The bay gelding Montendre - known as Monty - is now 28 years-old. During his career he ran 104 races under rules - and Frankie Dettori rode him eight times. Monty notched up 11 wins and 32 places - and he is still being used daily at Greatwood by the young people who take part in Greatwood's educational programmes. And he's a bit of racing history.
Close your eyes and imagine you've won the Derby: One of Greatwood’s younger students with Potentate (USA) (now 24 years old) - winner of the 1997, 1998 & 1999 Welsh Champion Hurdle. Trained by Martin Pipe, ridden by A P McCoy and owned by the late Jim Weeden
Day two: with the dreassage stage complete, Jonelle Price is still in the lead. But Germany's Bettina Hoy is now in second place - 3.50 points behind Ms Price. The end of day two sees other members of the New Zealnd team falling behind: Jesse Campbell is in 12th place - Tim Price in 40th - and Daniel Jocelyn in 72nd place.
After day one (Thursday, October 8) of the dressage phase of the CIC3 eventing competition at Boekelo in the Netherlands, Mildenhall-based Jonelle Price is in the lead. Forty-four of the 85 competitors have completed the dressage.
This is an important competition for the New Zealand eventing team as they go for the only team place at the Rio Olympics available to Group G nations - which takes in Oceania and South-East Asia.
New Zealand takes on Japan and Australia for that single team place, although the latter have already qualified by virtue of their placing at last year's World Equestrian Games.
Jonelle is riding eight-year-old black gelding Cloud Dancer - known as Marley. Her very low dressage score of 34.10 is 4.80 points above her nearest rival - Britain's Pippa Funnell on Billy the Biz.
Jonelle and Marley's latest victory came in the CIC3* for 8-9 year-olds at the Blenheim Palace International Horse Trials last month. Ranked fifth in the world, Price finished second at the four-star Luhmuhlen in Germany and fifth at Burghley.
Also in the New Zealand team at Boekelo are Dan Jocelyn on Dassett Cool Touch (currently lying at 36), Tim Price on Xavier Faer and Jesse Campbell aboard Kaapachino. Tim Price and Jesse Campbell 's dressage competition will be on Friday.
If the New Zealand team do not clinch the Rio place at Boekelo, they will have to wait for the international rankings to see if they go to Brazil.
Sam Twiston-Davies (left) & Chelsea approaching the finishCharity races have been in the news recently - Victoria Pendleton (retired cycling champion) and Tony McCoy (retired jump jockey champion) have both made headlines riding for charity at some of England's premier racecourses.
They were both riding race horses. Chelsea Pearce won her charity race at Chepstow Racecourse on a camel - what is more in the final she came home ahead of the highly rated jockey Sam Twiston-Davies who had been the runaway winner of the three heats.
Though still at school, Chelsea Pearce, who is based near Marlborough, is making her mark as an accomplished eventer.
The race was sponsored by William Hill and was to provide funds for the Bristol-based Paul's Place charity. Paul's Place works to improve the lives of physically disabled adults across South Gloucestershire, Bath and North-East Somerset, North Somerset and Bristol.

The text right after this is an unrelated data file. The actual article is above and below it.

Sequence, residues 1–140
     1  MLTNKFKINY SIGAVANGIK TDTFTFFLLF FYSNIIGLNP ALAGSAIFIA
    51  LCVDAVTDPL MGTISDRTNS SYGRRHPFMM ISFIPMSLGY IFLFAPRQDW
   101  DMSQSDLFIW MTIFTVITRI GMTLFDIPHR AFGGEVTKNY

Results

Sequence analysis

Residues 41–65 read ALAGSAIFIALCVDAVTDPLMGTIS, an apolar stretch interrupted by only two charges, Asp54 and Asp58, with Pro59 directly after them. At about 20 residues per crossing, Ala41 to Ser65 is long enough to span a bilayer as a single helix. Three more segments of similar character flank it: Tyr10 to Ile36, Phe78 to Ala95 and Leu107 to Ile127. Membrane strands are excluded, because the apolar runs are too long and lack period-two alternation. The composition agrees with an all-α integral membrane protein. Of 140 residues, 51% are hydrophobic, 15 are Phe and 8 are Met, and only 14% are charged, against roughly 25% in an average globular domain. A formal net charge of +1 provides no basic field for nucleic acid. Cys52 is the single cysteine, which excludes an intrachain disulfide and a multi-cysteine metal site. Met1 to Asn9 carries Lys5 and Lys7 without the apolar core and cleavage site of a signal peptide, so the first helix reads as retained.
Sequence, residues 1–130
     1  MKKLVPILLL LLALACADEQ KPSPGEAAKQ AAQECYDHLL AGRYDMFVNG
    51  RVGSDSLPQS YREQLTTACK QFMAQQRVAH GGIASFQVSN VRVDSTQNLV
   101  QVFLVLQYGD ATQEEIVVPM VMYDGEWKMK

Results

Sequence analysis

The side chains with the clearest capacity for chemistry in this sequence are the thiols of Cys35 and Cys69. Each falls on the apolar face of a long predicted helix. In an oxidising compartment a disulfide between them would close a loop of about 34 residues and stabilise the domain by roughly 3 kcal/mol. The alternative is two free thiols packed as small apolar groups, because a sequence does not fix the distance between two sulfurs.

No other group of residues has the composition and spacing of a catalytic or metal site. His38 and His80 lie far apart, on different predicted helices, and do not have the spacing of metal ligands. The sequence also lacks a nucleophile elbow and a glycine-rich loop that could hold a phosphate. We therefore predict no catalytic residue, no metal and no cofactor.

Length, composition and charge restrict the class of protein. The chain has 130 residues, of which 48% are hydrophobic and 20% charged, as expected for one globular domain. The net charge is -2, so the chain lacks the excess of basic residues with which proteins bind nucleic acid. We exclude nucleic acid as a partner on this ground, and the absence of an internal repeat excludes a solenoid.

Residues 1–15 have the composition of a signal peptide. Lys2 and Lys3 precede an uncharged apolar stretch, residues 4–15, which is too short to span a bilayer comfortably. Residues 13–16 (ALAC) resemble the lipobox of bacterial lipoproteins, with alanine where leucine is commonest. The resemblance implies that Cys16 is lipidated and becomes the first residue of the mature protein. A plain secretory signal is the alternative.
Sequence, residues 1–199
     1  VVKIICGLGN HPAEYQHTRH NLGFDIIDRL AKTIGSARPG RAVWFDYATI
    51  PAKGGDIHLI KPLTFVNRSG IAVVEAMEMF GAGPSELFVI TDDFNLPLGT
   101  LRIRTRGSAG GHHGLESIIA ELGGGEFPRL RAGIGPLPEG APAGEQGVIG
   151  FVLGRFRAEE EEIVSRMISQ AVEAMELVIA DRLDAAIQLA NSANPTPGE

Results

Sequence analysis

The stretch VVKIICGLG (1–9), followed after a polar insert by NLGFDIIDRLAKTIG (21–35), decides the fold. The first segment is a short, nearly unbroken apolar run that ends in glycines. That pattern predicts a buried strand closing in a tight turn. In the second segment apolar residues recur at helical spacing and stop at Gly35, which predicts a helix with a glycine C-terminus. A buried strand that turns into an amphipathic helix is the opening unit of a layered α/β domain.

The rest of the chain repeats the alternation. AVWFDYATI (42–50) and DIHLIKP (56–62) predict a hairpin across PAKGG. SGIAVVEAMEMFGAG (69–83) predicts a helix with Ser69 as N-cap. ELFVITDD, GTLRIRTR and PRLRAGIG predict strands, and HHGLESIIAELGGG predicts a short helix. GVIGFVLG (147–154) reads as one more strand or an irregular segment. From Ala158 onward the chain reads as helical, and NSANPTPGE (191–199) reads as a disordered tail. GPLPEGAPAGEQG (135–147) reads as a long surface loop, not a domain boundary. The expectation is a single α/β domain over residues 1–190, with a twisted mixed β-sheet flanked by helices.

Chelsea - in the orange and light blue silks - led all the way in the final race: "It was for a great cause - and I had a wonderful day!" It certainly does not look the easiest of rides.
You can still support Paul's Place at this Justgiving web-page.
From Emma Lavelle's websiteTrainer Emma Lavelle has bought the Bonita Racing Stables at Ogbourne Maizey from Peter Makin who is retiring at the end of this Flat season after 48 years as a trainer. She will be moving from Hampshire to Wiltshire and to some of the finest gallops in the country.
Since 1998 she has been training at Little Hatherden between Andover and Newbury.
Peter Makin's yard and gallops were on the market for £3,000,000. Word that Emma Lavelle was the successful buyer had been circulating in the village for some time, but it was said the deal was still subject to contract.
Now it has been announced and Ms Lavelle has told the Racing Post: "It's massively exciting. It's the most fantastic place with beautiful gallops and a great deal of history."
Bonita was set up by the theatrical impressario George Edwardes in the 1890s. Before Makin came to Ogbourne Maizey other fanous racing names associated with the yard included Bill Marshall, Sir Gordon Richards and Bob Turnell.
The training establishment has 154 acres of private gallops, 54 boxes in two yards, two houses, two flats, a cottage, a staff hostel and 45 acres of paddocks.
Emma Lavelle told the Racing Post: "I'd love to think we could train more Flat runners, given the facilities, if people want send horses to us, but we'll remain predominantly National Hunt."
As a National Hunt specialist in the Marlborough area she will join its two other jump trainers - Alan King (Barbury) and Neil King (Upper Herdswick Farm.)
Peter Makin will be staying in on in the yard's main house. He says that some of his current horses will go to the sales, some to other trainers and some might stay to be trained by Emma Lavelle for the Flat.